Energy-efficient streetlights may change color of light pollution.
Photograph by Jim Richardson, National Geographic
Published August 14, 2012
Light-emitting diodes, or LEDs, cast a bluish glow in the sky and are about 20 percent more efficient than industry-standard streetlamps, which generate red-colored light pollution.
With LED efficiency expected to double to 40 percent in a few years, it's inevitable that governments worldwide will opt to save energy by switching to LEDs, which also last longer and require less maintenance, experts say.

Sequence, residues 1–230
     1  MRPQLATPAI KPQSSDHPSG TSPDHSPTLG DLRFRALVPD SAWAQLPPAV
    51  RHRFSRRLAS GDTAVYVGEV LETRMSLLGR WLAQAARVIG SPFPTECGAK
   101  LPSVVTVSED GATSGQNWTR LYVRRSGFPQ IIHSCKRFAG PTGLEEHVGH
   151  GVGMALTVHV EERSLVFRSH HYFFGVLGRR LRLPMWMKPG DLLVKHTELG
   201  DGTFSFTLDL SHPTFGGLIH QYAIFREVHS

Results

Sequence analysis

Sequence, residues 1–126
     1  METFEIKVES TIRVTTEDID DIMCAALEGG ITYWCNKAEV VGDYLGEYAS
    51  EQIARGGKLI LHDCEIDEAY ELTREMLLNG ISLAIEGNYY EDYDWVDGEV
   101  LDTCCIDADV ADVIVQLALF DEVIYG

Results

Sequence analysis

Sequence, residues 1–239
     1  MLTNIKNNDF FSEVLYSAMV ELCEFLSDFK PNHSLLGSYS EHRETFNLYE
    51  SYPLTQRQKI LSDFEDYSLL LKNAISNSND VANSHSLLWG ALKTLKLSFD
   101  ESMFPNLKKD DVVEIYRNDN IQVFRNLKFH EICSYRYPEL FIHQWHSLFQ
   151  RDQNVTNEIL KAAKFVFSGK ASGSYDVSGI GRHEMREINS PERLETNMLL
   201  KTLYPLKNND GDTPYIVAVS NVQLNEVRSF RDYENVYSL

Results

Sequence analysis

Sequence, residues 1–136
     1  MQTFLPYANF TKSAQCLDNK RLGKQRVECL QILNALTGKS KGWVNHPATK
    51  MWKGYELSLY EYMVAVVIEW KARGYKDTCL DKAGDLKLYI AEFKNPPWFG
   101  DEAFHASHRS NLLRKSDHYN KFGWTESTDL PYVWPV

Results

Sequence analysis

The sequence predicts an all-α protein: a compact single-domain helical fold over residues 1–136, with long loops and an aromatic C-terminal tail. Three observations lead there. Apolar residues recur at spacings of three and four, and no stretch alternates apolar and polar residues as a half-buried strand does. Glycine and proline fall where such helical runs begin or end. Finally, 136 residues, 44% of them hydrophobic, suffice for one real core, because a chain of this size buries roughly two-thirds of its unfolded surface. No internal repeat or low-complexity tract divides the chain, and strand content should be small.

Yet it's uncertain how much the color of light pollution will change as LEDs take over, experts say. Also unknown are effects of blue light pollution on nocturnal wildlife, such as sea turtles, which can be confused by artificial lights when coming ashore to lay their eggs.
Source: National Geographic Magazine
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